Talking Drums

The West African News Magazine

Science And Technology In Africa

Poku Adaa

The solutions to the problems of health, low agricultural productivity, inadequate shelter, etc., lie in the effective application of science. Poku Adaa discusses the apparent lack of scientific and technological advances so far and reports on three international organisations which aim to coordinate scientific research and channel it to combat deprivation and poverty in Africa
The problems of industrial under-development in many countries as the southern hemisphere and especially in Africa, can be attributed to the fact that in these countries, science and technology have never had any really strong base.

In the attempt to industrialise, many industries have sprung up which can be described only as spin-offs of parent companies in industrially developed countries with no room or provision for innovation, research and development. This is a trend which has impregnated the balance of international trade for many years with no shift from the one-way flow of new products and processes from developed countries.

African countries, like many other developing countries have remained perpetual suppliers of raw materials since time began. Yet the deprivation and poverty in Africa are, for all in tents and purposes, capable of being solved with the aid of scientific and technological tools and know-how available today. Moreover, there are Africans with scientific training and expertise who are capable of initiating co-operative programmes to tackle the chronic problems of disease, hunger, shelter, energy and industrial development.

The reality, however, is that African scientists face immense and deeply entrenched problems. There have been many distractions and disruptions in African countries. Witch-hunting of academics, political ineptitude and instability, greed and grandiose luxury and rotten leadership, all stand in the way of scientific achievements. The climate for genuine scientific thinking for real research work and for organising channels of scientific communications are difficult and near impossible to attain.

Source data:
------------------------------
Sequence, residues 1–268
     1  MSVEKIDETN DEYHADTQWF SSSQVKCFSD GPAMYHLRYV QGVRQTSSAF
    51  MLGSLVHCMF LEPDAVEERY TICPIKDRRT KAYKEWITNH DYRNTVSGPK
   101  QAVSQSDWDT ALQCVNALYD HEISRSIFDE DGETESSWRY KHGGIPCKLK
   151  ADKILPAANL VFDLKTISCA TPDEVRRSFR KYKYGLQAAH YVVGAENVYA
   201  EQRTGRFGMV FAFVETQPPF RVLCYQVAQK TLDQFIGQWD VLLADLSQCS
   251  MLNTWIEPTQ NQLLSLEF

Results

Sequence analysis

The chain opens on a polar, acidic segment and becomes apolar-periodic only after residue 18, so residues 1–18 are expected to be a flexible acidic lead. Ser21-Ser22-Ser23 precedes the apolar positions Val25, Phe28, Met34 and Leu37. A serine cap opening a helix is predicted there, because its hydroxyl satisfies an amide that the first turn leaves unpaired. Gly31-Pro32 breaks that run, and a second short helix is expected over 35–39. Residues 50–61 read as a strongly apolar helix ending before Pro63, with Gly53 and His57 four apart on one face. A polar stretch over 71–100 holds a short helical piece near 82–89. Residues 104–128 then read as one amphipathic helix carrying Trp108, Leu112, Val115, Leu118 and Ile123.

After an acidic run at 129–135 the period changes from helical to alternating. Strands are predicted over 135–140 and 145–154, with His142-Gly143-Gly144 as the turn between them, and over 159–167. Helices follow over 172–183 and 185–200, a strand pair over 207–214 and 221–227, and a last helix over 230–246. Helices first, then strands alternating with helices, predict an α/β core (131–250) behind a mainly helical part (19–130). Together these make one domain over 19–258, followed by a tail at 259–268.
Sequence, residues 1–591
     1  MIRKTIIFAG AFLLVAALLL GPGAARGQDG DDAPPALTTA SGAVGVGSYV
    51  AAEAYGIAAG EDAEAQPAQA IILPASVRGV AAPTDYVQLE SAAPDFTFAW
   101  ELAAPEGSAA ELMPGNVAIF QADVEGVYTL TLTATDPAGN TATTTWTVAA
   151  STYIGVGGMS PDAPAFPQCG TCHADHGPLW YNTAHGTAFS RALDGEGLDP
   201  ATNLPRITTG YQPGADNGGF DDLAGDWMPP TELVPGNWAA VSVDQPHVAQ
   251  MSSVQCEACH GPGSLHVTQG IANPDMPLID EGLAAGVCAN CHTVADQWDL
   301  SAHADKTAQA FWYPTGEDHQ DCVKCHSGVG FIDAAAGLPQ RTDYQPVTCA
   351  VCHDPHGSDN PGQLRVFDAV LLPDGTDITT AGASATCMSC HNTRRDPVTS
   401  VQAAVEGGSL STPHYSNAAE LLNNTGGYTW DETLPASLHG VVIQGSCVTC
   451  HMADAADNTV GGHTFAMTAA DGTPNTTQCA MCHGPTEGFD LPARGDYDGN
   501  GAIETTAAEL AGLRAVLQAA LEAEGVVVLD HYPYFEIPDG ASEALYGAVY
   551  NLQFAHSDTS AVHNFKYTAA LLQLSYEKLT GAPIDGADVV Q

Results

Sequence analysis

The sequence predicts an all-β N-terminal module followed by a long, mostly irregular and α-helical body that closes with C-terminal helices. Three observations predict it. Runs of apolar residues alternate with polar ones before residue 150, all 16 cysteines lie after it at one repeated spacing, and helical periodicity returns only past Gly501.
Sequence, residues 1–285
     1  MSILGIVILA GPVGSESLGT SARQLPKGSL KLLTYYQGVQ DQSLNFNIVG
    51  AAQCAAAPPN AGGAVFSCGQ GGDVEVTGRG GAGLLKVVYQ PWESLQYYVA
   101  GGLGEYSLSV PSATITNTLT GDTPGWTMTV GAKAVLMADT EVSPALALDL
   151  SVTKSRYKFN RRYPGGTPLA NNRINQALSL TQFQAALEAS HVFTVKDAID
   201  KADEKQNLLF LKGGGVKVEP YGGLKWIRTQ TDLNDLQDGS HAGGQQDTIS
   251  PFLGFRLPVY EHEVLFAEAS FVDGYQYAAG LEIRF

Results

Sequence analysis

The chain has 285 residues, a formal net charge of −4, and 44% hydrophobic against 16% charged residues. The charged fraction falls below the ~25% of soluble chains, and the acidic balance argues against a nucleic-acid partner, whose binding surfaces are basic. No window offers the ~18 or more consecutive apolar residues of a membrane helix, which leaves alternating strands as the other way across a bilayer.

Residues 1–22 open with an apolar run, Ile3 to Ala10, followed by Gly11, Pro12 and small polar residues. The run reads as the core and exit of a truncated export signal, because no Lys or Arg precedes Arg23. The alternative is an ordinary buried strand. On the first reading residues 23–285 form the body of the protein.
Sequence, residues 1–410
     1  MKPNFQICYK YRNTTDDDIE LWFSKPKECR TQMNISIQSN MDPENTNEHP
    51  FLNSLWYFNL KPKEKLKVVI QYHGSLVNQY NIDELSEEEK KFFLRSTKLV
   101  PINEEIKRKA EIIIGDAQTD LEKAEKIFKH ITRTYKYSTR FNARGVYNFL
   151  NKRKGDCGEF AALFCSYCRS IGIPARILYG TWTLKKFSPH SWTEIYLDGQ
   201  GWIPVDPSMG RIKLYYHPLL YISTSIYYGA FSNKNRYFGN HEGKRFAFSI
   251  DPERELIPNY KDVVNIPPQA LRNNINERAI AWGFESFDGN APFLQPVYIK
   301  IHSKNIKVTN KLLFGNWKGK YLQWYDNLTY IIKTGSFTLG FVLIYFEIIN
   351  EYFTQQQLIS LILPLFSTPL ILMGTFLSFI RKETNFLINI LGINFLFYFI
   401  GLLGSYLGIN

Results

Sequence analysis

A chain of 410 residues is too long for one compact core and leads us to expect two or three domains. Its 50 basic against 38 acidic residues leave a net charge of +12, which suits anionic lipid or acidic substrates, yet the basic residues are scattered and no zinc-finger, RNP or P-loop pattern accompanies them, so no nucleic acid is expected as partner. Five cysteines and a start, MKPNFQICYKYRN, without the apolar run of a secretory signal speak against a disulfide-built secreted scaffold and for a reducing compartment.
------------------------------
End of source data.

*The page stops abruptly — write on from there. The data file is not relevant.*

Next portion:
Funds for research are a mere pittance since private industries have no scope for research while public industries, research institutes and universities depend on the whims of politicians who, in many cases, releg. ate scientific and technological development to a no-go area. More importantly, the vital links between the centres of research and industry are very weak or non-existent.

There is also the problem of the relevance of research to the needs of a community. Science is the conglomeration of theories, facts and ideas proven from observation and study while technology is the development of new processes based on the tenets of science.

The technology for heavy industries like ship building and vehicle manufacture is capital intensive and therefore beyond the reach of many developing countries.

Science results in the recording of knowledge and retrieval of the data accumulated for conversion into information. Thus to apply science to arrive at technological use, the data should be useful. The situation with Africa and other developing countries is that scientific research often ends up with knowledge that is less useful technologically.

In other words, while there may not be a shortage of data, useful data is often scarce or jealously guarded. The overall result is that scientific research which goes on profusely in a multitude of institutions, falls short of technological follow-up.

Usually research is aimed at recognition via publication in international academic journals and promotion up the professorial ladder. A careful read through the Biological Abstracts will reveal a wide range of materials by African scholars.

There was one Study into neonatal tetanus in Ghanaian children, another investigation into the mercury poisoning of Ghanaian farm erms who have eaten coloured maize and yet another Nigerian don on the effect of ionospheric waves on growth of certain plants.

Quite apart from these, there is also the naked lack of motivation for the academic community, either financially or even socially. The scientist has only the praise of the international academic community to be his propelling force to do something. Locally there is no reward. It is a stale career, a morose and bland existence.

All these contribute to the frustration of many young and able scientists who opt to leave their countries to seek professional recognition, proficiency and lucrative positions or at worst to enter non-scientific careers like commerce and management. There is certainly a lot of scope for application of basic natural and applied sciences to problems in agriculture, medicine, environment and development of natural resources. Africa is a storehouse of drugs and medicines locked up in a myriad of plants and vegetation. An infant who has gum sores or teething pains only needs the sap from the hedge plant rubbed over his gums and the pain will disappear.